The Mother’s Milk Project of St. Regis

Reproductive justice is an issue which questions the control a woman has over her body, as all women have been exposed to various toxic chemicals which jeopardize her chance to conceive, as well as the well-being of her unborn child. “The Mother’s Milk Project”, chapter seven from the book Undivided Rights: Women of Color Organize for Reproductive Justice, looks at how the condition of the natural environment has devastated the relationship Native American culture has to the natural process of reproduction. As the chapter states, “[a] woman’s body is seen as the first environment and is not separable form the external environment. […] Degrading the health of mothers and their children is organically connected to the degradation of Native lands” (123).  The St. Regis Mohawk Reservation has a community of about 8,000 Mohawk people who have protested against the General Motors corporation who “stripped the land, operated manufacturing plants that used polychlorinated biphenyls (PCBs), dumped thousands of pounds of PCBs into the St. Lawrence, and poured toxic substances from their unfiltered smoke stacks” (124).

The Native women of the area had concerns about their own reproductive rights, as many faced sterilization abuse (127). There has been an ongoing devaluation of Native approaches to community based health care, and the citizens “saw that the lack of knowledge about their bodies led to a lack of control over their reproductive health” (127). The local women suspected that General Motors had been dumping various chemicals into the environment, which were absorbed into their bodies as fat and high amounts were secreted through breast milk (132). The breast milk of mother’s who had eaten fish from the St. Laurence River had a 200% greater concentration of PCBs than the breast milk of mothers who did not (132). This data has created a national community between Native American mothers, as statistics of PCBs in the food chain have been shared between the Inuit tribes of Northern Canada and Alaska, as well as Quebec (134). These findings have lead to altering many Native women’s lives, now fearing the food they consume from their present environments. For many Native American people, “fish are a symbol of fertility and were traditionally fed to young women who wished to conceived healthy children. […] [M]others had to give up eating fish in order to protect their children and to continue breastfeeding.  The absence of this excellent, low-cost protein has affected the ability of families to feed themselves. This, for Native American women, the right to a non-toxic environment is also a basic reproductive right” (135).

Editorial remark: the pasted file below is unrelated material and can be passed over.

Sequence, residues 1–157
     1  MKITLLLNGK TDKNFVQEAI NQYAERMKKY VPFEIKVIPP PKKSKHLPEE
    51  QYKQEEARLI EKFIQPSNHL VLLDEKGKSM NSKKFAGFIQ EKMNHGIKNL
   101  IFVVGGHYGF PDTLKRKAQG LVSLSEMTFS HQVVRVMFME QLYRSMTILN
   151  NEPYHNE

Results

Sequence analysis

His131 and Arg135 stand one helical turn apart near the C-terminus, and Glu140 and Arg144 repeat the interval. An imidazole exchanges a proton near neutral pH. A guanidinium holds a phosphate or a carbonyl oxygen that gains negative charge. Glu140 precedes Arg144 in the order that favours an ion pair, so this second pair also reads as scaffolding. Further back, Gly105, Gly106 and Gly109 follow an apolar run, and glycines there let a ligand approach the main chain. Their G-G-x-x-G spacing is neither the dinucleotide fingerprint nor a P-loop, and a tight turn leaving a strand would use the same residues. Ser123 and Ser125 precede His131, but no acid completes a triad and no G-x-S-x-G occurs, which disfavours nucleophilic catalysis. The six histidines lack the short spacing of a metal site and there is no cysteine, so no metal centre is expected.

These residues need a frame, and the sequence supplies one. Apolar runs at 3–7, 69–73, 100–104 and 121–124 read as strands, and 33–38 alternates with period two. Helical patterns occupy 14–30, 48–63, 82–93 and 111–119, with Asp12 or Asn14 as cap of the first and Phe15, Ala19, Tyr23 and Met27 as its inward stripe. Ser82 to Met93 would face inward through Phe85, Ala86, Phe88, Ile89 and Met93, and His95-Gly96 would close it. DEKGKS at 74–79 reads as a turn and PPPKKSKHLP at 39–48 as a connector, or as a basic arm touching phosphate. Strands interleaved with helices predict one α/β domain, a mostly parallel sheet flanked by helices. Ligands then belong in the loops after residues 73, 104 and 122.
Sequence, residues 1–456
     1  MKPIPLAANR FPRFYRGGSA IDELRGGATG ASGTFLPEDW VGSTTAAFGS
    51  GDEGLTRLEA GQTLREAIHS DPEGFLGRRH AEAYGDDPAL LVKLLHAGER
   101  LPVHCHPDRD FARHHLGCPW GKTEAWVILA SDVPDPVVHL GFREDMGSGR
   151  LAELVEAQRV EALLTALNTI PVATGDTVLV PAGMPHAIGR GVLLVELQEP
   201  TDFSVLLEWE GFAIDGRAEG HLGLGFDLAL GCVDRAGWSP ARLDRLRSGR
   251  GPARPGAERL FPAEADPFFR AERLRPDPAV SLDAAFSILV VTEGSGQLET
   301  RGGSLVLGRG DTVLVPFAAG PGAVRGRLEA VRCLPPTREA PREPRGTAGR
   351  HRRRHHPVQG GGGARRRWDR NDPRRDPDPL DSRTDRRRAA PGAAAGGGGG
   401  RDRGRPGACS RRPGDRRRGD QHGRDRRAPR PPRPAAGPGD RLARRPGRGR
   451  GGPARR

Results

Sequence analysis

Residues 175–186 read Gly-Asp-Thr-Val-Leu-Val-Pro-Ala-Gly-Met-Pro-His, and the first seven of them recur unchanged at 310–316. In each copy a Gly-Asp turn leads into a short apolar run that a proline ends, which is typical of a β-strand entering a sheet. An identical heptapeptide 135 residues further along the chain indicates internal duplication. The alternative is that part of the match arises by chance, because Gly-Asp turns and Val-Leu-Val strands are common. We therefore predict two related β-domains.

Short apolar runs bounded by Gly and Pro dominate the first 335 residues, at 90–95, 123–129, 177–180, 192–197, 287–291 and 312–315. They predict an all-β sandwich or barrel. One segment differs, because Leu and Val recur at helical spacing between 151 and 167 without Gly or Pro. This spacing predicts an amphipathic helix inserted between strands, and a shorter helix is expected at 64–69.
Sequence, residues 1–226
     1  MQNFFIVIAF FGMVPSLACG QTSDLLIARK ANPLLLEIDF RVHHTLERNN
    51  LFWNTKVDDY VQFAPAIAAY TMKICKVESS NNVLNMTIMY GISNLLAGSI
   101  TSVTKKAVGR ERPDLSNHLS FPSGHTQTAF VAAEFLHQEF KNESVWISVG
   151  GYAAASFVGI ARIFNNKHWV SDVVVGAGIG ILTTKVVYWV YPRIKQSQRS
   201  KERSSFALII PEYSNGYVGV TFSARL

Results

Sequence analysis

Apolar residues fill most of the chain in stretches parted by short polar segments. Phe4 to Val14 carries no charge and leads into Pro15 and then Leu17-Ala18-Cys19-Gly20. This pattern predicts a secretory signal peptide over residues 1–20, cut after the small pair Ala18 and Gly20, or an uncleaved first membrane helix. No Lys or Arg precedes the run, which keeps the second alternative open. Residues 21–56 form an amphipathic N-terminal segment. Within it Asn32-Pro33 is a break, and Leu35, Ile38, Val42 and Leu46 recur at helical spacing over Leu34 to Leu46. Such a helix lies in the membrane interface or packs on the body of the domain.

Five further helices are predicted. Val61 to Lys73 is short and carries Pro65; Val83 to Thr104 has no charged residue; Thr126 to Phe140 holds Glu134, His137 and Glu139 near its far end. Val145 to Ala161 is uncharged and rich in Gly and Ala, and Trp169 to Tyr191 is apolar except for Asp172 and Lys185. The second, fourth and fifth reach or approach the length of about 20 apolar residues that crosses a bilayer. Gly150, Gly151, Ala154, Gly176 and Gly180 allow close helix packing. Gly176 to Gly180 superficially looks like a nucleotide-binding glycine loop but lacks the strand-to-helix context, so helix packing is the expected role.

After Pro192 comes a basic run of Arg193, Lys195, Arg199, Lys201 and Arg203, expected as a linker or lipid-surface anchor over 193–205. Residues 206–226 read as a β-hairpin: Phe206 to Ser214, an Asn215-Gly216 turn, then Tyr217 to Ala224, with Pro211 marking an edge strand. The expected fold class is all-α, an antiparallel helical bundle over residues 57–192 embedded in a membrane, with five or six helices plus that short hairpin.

The issue of toxins in Native American mother’s breast milk spans beyond the realm of environmental health, and into environmental justice. Where is the line we can draw between what is natural and what is social. It is clear the women from these Native communities include their own bodies in the natural world and experience an intense relationship to their surrounding environment. This relationship is destroyed when their physical body is damaged.


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